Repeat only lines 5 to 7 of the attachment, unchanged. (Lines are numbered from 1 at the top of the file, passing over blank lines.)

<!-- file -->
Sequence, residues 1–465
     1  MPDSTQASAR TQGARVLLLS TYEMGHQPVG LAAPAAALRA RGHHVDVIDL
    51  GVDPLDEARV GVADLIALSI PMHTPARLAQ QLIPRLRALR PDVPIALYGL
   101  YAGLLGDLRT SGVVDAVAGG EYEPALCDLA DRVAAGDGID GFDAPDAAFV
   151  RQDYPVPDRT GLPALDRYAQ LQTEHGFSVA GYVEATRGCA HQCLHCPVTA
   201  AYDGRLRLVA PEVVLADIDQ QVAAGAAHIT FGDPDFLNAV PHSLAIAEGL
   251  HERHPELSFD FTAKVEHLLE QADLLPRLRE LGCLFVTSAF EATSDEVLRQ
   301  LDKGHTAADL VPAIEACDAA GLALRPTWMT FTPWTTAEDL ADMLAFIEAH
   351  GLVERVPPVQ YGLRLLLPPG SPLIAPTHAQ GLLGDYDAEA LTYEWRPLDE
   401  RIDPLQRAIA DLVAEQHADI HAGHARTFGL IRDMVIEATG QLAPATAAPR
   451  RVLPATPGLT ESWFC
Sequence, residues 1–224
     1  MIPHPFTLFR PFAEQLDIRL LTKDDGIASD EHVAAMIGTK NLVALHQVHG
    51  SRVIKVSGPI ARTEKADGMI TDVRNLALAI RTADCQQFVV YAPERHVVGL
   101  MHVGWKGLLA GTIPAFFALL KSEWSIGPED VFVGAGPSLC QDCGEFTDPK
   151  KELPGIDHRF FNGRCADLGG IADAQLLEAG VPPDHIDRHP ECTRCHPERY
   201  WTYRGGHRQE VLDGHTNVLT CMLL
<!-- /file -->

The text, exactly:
   151  RQDYPVPDRT GLPALDRYAQ LQTEHGFSVA GYVEATRGCA HQCLHCPVTA
   201  AYDGRLRLVA PEVVLADIDQ QVAAGAAHIT FGDPDFLNAV PHSLAIAEGL
   251  HERHPELSFD FTAKVEHLLE QADLLPRLRE LGCLFVTSAF EATSDEVLRQ